The European Commission claims it can’t and won’t find text messages between its President Ursula von der Leyen and Pfizer CEO Albert Bourla sent during the peak of the COVID pandemic.
The New York Times in 2021 first reported that von der Leyen had exchanged “texts and calls” with Bourla, and that “personal diplomacy played a big role” in forging a massive contract for 1.8 billion mRNA vaccine doses for the EU.
The commission later refused to disclose the text messages to journalists, prompting the bloc’s top watchdog, the European Ombudsman, to accuse the commission of “maladministration” earlier this year.
The ordeal, now known as “Deletegate,” has culminated in a rebuke from the EU Commission, who claimed Wednesday the text messages between von der Leyen and Bourla are not relevant to the vaccine deal, the price of which is still not known.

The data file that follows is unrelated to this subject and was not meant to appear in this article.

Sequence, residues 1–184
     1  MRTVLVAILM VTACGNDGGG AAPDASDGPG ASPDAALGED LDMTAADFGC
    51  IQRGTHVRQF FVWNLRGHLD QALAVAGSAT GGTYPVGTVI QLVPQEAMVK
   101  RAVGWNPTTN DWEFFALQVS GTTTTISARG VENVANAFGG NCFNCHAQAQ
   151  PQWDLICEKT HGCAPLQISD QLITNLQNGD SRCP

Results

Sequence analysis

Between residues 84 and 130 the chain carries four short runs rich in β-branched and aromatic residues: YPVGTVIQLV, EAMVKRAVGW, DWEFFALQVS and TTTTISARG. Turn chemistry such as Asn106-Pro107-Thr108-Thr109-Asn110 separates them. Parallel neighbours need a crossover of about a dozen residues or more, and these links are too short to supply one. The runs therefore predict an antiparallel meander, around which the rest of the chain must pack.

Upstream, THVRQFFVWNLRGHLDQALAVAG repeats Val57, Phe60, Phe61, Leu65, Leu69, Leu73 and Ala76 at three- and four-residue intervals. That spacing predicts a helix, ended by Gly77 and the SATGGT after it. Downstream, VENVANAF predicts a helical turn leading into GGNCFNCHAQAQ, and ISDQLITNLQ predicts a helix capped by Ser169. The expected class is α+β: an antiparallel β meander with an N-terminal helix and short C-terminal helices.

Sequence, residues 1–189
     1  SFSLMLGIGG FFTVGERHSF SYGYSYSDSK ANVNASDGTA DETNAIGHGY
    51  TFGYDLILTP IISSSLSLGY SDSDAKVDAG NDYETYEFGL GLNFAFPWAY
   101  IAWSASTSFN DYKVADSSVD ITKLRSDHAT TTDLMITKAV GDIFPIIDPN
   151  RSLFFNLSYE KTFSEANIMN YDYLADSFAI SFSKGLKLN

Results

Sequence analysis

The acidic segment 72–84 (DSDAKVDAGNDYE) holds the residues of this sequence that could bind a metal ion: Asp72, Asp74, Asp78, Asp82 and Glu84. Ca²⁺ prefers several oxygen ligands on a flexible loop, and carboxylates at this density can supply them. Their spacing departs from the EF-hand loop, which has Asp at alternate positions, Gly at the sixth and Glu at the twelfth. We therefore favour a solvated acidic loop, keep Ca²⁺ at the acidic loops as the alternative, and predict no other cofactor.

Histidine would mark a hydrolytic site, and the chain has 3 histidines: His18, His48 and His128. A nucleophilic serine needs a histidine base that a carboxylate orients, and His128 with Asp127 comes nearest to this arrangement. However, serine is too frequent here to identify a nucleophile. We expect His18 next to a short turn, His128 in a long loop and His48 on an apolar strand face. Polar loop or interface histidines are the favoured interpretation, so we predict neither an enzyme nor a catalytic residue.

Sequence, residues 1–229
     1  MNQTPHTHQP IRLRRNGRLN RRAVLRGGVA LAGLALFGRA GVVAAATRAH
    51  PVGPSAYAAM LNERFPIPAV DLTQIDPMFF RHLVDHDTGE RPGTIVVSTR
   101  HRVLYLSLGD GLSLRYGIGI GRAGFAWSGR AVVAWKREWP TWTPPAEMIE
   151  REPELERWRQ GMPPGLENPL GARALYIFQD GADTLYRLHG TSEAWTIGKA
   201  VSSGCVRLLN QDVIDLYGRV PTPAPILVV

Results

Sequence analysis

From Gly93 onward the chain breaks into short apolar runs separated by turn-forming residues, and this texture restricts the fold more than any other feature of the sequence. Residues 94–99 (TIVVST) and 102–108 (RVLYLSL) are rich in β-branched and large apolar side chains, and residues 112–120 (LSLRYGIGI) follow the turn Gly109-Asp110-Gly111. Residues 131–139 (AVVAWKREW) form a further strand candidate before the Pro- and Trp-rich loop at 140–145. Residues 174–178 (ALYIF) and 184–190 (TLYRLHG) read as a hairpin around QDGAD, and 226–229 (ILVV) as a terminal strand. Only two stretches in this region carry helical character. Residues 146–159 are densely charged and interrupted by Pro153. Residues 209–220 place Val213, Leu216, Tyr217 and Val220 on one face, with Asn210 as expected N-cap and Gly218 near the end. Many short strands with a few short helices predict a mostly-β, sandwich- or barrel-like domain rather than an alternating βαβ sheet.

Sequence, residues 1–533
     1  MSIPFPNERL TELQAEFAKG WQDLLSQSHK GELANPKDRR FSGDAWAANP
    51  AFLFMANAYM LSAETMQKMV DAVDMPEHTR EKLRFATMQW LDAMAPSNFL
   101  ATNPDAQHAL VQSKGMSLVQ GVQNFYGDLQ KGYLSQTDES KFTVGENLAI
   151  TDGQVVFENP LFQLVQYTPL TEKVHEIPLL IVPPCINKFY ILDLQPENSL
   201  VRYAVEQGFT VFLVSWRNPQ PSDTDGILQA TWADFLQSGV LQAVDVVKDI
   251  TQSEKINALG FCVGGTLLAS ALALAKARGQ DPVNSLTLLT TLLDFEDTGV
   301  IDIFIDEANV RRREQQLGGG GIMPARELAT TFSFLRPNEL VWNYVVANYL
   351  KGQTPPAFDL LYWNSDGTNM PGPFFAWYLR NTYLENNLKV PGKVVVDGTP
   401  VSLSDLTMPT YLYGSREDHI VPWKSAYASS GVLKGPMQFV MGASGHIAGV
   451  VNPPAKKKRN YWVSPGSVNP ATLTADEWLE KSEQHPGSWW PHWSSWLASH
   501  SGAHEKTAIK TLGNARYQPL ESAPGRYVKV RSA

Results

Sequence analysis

“The commission can confirm that the search undertaken by the president’s cabinet [top officials] for relevant text messages corresponding to the request for access to documents has not yielded any results,” says the commission’s vice-president for values, Vĕra Jourová.
“Due to their short-lived and ephemeral nature, text and instant messages in general do not contain important information relating to policies, activities and decisions of the commission,” she added.
But Bourla told The New York Times in 2021 that he and von der Leyen had “developed a deep trust, because we got into deep discussions” about the COVID vaccine.
“She knew details about the variants, she knew details about everything. So that made the discussion way more engaged,” he said.
If there’s nothing important in those text messages, why not simply release them anyway to dispel claims of corruption by the EU watchdog?
Pfizer’s revenue doubled in 2021 to $81.3 billion amid record sales of its mRNA vaccine to various governments.
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